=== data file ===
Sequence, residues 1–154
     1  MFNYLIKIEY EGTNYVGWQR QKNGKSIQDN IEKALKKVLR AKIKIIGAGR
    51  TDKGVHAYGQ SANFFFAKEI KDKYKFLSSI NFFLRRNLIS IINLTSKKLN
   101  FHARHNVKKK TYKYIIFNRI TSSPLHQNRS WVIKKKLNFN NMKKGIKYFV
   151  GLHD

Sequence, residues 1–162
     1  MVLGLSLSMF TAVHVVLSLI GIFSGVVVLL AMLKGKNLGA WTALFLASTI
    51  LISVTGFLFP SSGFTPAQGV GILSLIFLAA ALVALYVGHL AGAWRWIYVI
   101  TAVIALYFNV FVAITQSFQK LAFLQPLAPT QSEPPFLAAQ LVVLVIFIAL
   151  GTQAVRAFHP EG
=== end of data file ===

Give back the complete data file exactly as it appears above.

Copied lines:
Sequence, residues 1–154
     1  MFNYLIKIEY EGTNYVGWQR QKNGKSIQDN IEKALKKVLR AKIKIIGAGR
    51  TDKGVHAYGQ SANFFFAKEI KDKYKFLSSI NFFLRRNLIS IINLTSKKLN
   101  FHARHNVKKK TYKYIIFNRI TSSPLHQNRS WVIKKKLNFN NMKKGIKYFV
   151  GLHD

Sequence, residues 1–162
     1  MVLGLSLSMF TAVHVVLSLI GIFSGVVVLL AMLKGKNLGA WTALFLASTI
    51  LISVTGFLFP SSGFTPAQGV GILSLIFLAA ALVALYVGHL AGAWRWIYVI
   101  TAVIALYFNV FVAITQSFQK LAFLQPLAPT QSEPPFLAAQ LVVLVIFIAL
   151  GTQAVRAFHP EG